Jed York

The Jed York bubble

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Jed York knows you’re angry. He knows you’ve blamed him for the departure of a coach who was pretty popular. He knows that fans and the media alike would prefer he address what has transpired during a disappointing 2015 campaign now, instead of after the season. He knows that every time he hits send on a tweet or retweet, his tone of his mentions will range from snarky to disgusting.

Here’s the thing: York doesn’t care.

Taken by itself, this tweet is completely innocuous. Blaine Gabbert tied yesterday’s game late with a touchdown run, and won it with a long touchdown pass in overtime to Torrey Smith. The 49ers caught a huge break when Bears kicker Robbie Gould, one of the most accurate kickers in league history, yanked a 36-yard try wide left at the end of regulation. They beat Chicago in a stadium where the 49ers hadn’t won in 25 years. It wasn’t a well-played game by any stretch, but it met the requirements any fan would have for a “very fun win.”

Yet, York’s decision to leap to the front of the bandwagon and Tweet-celebrate yesterday, just a few days after news broke that Paraag Marathe was getting reassigned/demoted/whatever, and a week after their second consecutive loss (their fifth divisional loss of the season), seemed peculiar. And since he hadn’t tweeted anything football-related after a game since Week 2, one was led to wonder what made yesterday’s game so danged special. Weren’t the wins over Baltimore and Atlanta at least a little fun, if not very fun? Was this a passive aggressive “how you like them apples” jab at Vic Fangio and Adam Gase?

York should know — even if his intentions were pure, people are going to have these questions. But clearly he couldn’t care less. And he told us as much during the “mutual parting” press conference on Dec. 29, 2014. (This passage didn’t make it onto the press conference transcript emailed by the 49ers to their media list, but I was surprised York went as far as he did here so I transcribed his quotes that afternoon.)

“Listen, I’ve seen a lot of people … if you want to read my Twitter feed, you get a really good sense of the absolute, like, far end of just vitriol, like you’re the worst person in the world, like I get that. And I walked through the stadium yesterday, I walked on the field yesterday… you know, I laughed because one of the elevators was blocked off for the coaches, so we went down the concourse and I said, ‘great day to pick going down the concourse. I really appreciate that,’ with our stadium security staff,” York said.

“People were really nice and respectful with me in person. I think it’s very easy to have that nature of, reaching out and lashing out at people through Twitter. But personally, when you sit down and have a conversation with people, I think it was very reasonable yesterday and nobody came out, nobody attacked, nobody said anything. There were folks that voice their opinion of what they wanted to see happen.

“Jim is a very good football coach. I certainly understand why our fans would want him to stay and again, I’m not going to get back into the details but I certainly understand why they want him to stay.

“But I also understand that there’s a level of people that are commenting on articles, people that are sending Tweets. There’s no accountability in that, that you’re not going to hold somebody to, you’re not going to see that person — that guy in person. I don’t take that as personally as having conversations with folks. But I certainly understand why people feel like … they’re upset. I get it.”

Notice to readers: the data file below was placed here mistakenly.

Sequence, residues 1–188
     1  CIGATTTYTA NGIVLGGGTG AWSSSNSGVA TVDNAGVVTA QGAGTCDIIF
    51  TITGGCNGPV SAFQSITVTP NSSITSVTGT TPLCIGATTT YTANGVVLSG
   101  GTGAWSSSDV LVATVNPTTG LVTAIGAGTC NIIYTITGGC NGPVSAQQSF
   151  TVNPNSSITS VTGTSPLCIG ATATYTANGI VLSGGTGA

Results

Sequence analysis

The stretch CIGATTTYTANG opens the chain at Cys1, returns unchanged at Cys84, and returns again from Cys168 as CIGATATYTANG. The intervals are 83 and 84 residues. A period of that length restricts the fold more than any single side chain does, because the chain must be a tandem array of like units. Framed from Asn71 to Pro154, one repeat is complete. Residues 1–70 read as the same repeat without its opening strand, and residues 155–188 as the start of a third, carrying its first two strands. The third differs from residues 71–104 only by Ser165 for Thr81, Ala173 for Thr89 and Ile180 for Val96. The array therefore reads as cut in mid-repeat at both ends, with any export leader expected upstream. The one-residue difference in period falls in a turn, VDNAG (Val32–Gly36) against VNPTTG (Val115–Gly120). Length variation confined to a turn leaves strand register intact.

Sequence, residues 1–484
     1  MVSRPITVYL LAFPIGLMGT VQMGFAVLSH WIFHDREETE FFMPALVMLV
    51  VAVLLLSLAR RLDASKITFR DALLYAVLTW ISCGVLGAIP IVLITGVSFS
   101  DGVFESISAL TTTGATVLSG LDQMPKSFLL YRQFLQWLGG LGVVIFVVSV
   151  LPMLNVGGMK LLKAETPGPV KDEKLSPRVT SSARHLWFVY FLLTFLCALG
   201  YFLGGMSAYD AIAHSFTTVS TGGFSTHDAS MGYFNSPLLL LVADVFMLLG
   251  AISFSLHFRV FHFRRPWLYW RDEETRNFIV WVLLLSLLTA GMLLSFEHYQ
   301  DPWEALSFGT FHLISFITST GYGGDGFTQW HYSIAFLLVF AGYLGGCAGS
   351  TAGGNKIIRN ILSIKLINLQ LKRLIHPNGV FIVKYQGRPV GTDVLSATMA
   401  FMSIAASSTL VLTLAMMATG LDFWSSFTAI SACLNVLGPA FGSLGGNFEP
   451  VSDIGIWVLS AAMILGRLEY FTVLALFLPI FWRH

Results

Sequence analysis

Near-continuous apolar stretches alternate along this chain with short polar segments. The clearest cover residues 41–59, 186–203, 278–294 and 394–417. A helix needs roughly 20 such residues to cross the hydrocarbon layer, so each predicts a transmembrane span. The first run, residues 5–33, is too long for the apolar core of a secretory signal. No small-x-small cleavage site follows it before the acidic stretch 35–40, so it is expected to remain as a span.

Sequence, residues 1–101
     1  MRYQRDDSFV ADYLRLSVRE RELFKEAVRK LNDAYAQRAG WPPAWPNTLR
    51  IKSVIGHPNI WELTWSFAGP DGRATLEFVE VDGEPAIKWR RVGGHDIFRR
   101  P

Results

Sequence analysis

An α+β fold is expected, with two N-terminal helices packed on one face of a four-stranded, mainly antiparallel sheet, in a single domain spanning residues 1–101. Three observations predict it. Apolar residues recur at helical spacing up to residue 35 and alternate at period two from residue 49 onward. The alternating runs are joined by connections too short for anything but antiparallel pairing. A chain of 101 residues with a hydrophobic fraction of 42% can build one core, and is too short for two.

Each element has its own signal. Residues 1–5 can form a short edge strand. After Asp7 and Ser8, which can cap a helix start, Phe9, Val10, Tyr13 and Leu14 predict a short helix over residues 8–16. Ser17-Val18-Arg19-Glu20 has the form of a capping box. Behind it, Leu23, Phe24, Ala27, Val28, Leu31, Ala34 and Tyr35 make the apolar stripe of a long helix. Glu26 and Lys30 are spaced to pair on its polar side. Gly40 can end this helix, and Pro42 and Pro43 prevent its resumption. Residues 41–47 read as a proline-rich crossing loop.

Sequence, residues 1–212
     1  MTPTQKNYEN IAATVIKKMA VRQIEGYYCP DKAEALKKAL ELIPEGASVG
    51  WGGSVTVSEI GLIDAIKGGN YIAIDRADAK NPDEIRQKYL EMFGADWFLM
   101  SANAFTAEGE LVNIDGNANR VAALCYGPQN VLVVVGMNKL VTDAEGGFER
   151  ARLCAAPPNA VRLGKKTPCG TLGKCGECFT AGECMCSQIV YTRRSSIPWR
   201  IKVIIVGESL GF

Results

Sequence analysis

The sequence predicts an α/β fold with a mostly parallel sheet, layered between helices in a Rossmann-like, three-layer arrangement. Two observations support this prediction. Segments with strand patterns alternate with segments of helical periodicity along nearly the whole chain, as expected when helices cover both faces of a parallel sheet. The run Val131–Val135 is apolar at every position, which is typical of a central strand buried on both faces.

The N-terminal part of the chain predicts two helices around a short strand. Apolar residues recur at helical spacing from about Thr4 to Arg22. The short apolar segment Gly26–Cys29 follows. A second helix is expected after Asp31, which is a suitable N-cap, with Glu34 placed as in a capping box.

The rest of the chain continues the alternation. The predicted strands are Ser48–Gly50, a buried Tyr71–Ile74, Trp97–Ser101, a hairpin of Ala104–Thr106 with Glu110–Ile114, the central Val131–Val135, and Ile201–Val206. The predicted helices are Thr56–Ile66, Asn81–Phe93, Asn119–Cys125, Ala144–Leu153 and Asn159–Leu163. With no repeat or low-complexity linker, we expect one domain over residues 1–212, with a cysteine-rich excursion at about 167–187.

The last paragraph shows exactly how York thinks about fans and social media. Because season ticket holders fawn over him, ask for his autograph, and don’t scream things like “my coach left me,” “sell the team,” or much worse, he believes that all of the anger comes from a savage, unstable minority. And he’s right, in certain cases. Paying attention to trolls is not recommended. However, there are many who don’t hate York or hurl 140-character insults at him who wonder if he has the slightest semblance of a clue.

What does class mean to York? Is it simply about never throwing sideline tantrums and making sure the locker room is nice and tidy?

What does accountability mean to York? Isn’t it about admitting mistakes and providing customers with relevant information?

If he had taken some of the blame for this dismal season and kept 49ers fans in the loop on their ideas to improve the team (other than the occasional text to Adam Schefter or Jay Glazer) — in other words, show some honesty, humility and transparency — a tweet like yesterday’s wouldn’t be such a big deal at all. Actually, if he did all of those things, a sizable number of fans would’ve felt like he deserved to enjoy a rare “very fun win.” But after going into hiding this season, did he really think fans wanted to hear his thoughts on a victory that took the team’s winning percentage to .333 … less than a year after crowing about Super Bowl banners?

Get ready for York’s end-of-year press conference, when he’ll explain how the 49ers got so unlucky. How were they supposed to know all those players would retire and Colin Kaepernick wouldn’t play like a franchise quarterback? He’ll declare that Trent Baalke and Jim Tomsula have this team “on the right track.” Then, after spewing the same six talking points at the media for 45-to-60 minutes, he’ll tweet his thanks to the #Faithful for sticking with him and his team, with a promise that the #QuestForSix is back on.

Perhaps it’s harder to read the room when it’s a luxury suite.

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